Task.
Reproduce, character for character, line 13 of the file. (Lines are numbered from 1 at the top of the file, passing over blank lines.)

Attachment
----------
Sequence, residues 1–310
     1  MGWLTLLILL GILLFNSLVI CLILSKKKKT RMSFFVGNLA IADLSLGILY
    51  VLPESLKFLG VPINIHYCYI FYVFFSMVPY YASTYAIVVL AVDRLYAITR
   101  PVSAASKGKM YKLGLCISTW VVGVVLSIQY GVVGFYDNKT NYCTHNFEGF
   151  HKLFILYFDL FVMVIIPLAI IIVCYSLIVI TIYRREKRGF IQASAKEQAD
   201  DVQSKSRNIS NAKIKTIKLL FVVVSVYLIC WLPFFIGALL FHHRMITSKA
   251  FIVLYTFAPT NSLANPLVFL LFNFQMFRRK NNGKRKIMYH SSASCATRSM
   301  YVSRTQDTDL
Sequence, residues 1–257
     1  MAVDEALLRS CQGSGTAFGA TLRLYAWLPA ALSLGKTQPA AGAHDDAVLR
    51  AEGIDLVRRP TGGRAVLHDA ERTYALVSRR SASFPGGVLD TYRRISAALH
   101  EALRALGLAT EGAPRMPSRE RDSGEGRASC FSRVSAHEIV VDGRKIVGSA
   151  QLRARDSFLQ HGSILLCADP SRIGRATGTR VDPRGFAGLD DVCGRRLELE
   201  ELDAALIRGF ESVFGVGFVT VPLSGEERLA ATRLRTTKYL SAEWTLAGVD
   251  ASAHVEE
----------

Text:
   151  QLRARDSFLQ HGSILLCADP SRIGRATGTR VDPRGFAGLD DVCGRRLELE